Studies on the early detection of spontaneous combustion in a hydraulic coal mine

CIM Bulletin, Vol. 71, No. 789, 1978

R. N. Chakravorty, Research Scientist, Western Office, and K. K. Feng, Research Scientist, Canadian Explosives Research Laboratory, Mining Research Laboratories, Canada Centre for Mineral and Energy Technology, Department of Energy, Mines and Resources, Ottawa, Canada

Early detection of spontaneous combustion is of utmost importance in underground coal mining to prevent major disruptions of production and to ensure a safer working environment. This paper presents the work done in developing a suitable system for the early detection of heating in a hydraulic coal mine. Laboratory studies on the products of oxidation for Balmer 10 seam coal showed that a significant amount of carbon monoxide is produced during the early stages of heating and that detection methods based on the analysis of other gases, such as hydrogen, ethane or ethylene, are not a better alternative for this coal. The four-point carbon monoxide monitoring system recently installed at the hydraulic mine is discussed in this paper. It is believed that by studying the trend of carbon monoxide concentration in the mine air, it will be possible to detect heating at an early stage. Field tests carried out so far have indicated that infra-red technology will prove to be a powerful tool in the hydraulic mine, particularly for locating hidden oxidation or fire in cracks, fissures, underground workings and coal outcrop areas before it spreads extensively. The project is jointly sponsored by EMR, CANMET, Mining Research Laboratories and Kaiser Resources Ltd.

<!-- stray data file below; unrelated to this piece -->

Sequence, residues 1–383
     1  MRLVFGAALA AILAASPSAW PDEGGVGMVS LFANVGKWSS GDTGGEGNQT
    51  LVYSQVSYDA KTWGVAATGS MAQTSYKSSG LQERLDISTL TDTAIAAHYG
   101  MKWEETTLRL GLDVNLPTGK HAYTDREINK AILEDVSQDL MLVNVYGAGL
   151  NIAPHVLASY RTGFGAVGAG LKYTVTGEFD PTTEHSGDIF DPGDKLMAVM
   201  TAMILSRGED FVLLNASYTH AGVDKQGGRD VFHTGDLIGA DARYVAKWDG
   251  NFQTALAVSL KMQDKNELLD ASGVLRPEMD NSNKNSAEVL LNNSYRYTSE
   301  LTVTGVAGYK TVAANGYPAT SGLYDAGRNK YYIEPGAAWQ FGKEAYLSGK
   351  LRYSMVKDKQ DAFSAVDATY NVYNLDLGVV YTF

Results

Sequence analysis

Keywords: Coal mining, Hydraulic coal mining, Spontaneous combustion, Carbon monoxide, Monitoring systems, Kaiser Resources Ltd., Ventilation, Infra-red scanners, Heating.